The name "Chucalissa" means "abandoned house" in Choctaw (Visitor's Guide 2). Today the site is west of T. O. Fuller State Park, and it's difficult to believe you're still in the city of Memphis, surrounded by towering forests on all sides, and a nearby power plant. ("What is it with mounds and power plants?" commented Linda.) The CH Nash Museum has an extensive collection of artifacts from the site on display, and their signage ties in the African-American history of the area. Signage is geared toward children, making the site and lifeways of the people who lived there directly relevant to the visitors. Recently added panels show input from Choctaw and Chickasaw tribes. Perhaps the interpretive materials here are some of the best because instead of exoticizing the precontact residents of the site, they humanize them.

A replica village of high-pitched thatched-roof huts was torn down from the site for not being sufficiently accurate to the originals, but photos reveal that they look as good as any found in other sites.
Platform mound at Chucalissa, 1350–1600 CE
Human effigy bowl, note the elaborate hat
The main platform mound dominates the site. The front is covered by concrete, which ironically, gives more of a sense of what the mound looked like in its heyday, since most mounds were sealed in red or yellow clay. Built between 1350 and 1600 CE, the 25-foot-high mound measures 150 feet long at its base. Postmold evidence reveals that two 50-square foot buildings once stood on the platform's surface (Visitor's Guide 6-7).

Across the large plaza, where demonstration stickball games are still occasionally played, sits a residential ridge mound and the smaller and older platform mound, worn down by plowing. The site also features the obligatory dugout canoe and herb garden. Plant signage features the pawpaw, an important source of food and textiles, and sassafras, important for teas and medicine. Near an employee's house is a prodigious stand of river cane, Arundinaria.

Contemporary tribes thought to have ancestral links to Chucalissa during its different occupations include the Choctaw, Chickasaw, and Quapaw.

02 October 2011

Pinson Mounds, Tennessee

Incised greenstone pendant
The two-thousand-year-old Middle Woodland site, Pinson Mounds has my vote, hands down, for the creepiest site we've visited. This is probably due to the rain, the mist rising from the forests, the echoing insect calls, or the incised human skull rattles found on a male burial and on display in the museum. Built near the southern fork of the Forked Deer River, Pinson Mounds were constructed from 200 BCE through the 400 CE (Mainfort and Kwas).

Pinson is part of the Miller sub-tradition, a precolumbian culture that settled along the Tombigbee River in western Alabama, northeastern Mississippi, and western Tennessee, that flourished from 250 BCE to 550 CE (Peregrine and Ember 327). The Miller diet featured hickory nuts, goosefoot, maygrass, deer, turtles, fish, and shellfish (328-9). Miller peoples were part of the Hopewellian exchange. Many of the ceramics interred at Pinson were imported from throughout the southeast, while some of the Pinson stone artifacts came from as far away as Ohio (328, 333).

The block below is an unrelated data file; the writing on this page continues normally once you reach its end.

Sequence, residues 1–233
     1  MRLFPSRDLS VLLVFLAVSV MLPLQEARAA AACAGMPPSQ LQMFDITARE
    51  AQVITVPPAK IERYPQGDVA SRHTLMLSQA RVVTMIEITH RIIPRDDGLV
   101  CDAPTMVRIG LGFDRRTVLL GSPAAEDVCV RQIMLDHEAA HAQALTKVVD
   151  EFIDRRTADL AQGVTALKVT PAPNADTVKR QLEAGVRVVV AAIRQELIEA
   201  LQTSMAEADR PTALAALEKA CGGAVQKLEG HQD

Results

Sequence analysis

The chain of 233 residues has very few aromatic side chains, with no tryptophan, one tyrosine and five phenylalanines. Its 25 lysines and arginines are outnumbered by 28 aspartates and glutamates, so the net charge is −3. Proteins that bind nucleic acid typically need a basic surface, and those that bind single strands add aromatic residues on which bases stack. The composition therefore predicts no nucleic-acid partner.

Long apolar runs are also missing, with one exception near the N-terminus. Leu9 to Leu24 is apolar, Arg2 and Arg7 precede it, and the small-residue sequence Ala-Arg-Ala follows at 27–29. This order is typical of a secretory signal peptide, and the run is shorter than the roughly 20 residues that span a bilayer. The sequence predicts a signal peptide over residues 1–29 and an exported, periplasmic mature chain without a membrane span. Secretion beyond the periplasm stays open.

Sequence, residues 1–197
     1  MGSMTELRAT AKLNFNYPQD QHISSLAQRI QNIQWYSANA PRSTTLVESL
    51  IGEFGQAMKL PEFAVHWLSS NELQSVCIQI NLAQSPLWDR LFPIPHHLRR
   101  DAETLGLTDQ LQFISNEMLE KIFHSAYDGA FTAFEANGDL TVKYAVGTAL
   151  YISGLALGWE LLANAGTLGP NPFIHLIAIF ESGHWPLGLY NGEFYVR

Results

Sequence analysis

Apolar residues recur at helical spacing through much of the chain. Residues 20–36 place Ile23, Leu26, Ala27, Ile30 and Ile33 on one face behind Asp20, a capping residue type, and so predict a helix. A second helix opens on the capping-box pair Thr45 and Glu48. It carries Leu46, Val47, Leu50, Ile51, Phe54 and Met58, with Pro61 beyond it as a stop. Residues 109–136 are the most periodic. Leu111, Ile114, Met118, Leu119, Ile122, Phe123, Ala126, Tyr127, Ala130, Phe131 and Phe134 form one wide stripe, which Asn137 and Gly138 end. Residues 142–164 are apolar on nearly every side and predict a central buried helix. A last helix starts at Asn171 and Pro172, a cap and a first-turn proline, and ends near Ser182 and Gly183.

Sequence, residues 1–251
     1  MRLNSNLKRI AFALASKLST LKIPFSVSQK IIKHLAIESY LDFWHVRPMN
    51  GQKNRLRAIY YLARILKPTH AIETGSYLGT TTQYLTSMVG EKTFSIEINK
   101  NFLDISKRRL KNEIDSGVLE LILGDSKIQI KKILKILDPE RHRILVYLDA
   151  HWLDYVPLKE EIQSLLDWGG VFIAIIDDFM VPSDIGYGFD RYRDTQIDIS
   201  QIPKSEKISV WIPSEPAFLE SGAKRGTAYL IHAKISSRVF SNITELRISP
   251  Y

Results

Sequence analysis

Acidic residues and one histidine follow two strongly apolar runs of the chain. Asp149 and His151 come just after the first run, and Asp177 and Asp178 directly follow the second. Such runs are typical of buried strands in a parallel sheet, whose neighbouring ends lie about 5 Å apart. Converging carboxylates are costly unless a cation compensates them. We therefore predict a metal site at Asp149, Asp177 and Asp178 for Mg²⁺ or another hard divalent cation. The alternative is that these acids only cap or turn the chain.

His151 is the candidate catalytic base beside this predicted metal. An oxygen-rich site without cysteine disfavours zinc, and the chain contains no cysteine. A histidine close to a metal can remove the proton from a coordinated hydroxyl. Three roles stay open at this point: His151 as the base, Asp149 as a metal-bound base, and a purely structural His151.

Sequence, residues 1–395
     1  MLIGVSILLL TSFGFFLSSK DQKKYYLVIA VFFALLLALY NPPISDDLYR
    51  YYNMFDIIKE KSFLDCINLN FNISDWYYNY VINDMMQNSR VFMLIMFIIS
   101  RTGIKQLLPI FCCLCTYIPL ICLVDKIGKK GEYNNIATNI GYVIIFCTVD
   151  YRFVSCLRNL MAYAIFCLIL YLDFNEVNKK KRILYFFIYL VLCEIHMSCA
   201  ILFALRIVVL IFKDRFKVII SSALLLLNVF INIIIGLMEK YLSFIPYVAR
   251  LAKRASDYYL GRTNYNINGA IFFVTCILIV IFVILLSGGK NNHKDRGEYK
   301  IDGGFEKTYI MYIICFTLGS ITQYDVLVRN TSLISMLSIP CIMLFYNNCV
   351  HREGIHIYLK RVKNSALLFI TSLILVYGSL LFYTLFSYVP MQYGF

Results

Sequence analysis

Pinson contains possibly 30 mounds, including five platform mounds. Unlike later Mississippian mounds, these early mounds have no conclusive evidence of buildings on their surface (328). Only three of the mounds were burial mounds; one of these being the Twin Mounds (Mainfort and Kwas). Few people are believed to have lived at the site; instead, it was a ceremonial center for the region (Peregrine and Ember 333).

Saul's Mound, Pinson Mound #9
At 72 feet tall, Saul's Mound, or Mound 9, is the second-tallest mound in the United States. Currently by trees and foliage, the mound is actually rectangular, with the corners corresponding to the four cardinal directions.

The park's museum is quite large and resembles a mound on the outside with turf-covered earth shored on its side. I can't help but think this architecture is genius and must help with their heating and air conditioning bills. They have an extensive collection of pottery, lithic tools, a dugout canoe, and other artifacts. The outside of the museum is covered with yucca plants, which seems incongruous, but as I found out, Yucca filamentosa is actually common throughout the south, growing as far east as Virginia.

As we drove away, we passed the amusing site of a flock of wild turkeys foraging on a mound, which lifted some of the creepiness of the site.

back entrance of the museum, covered in yucca plants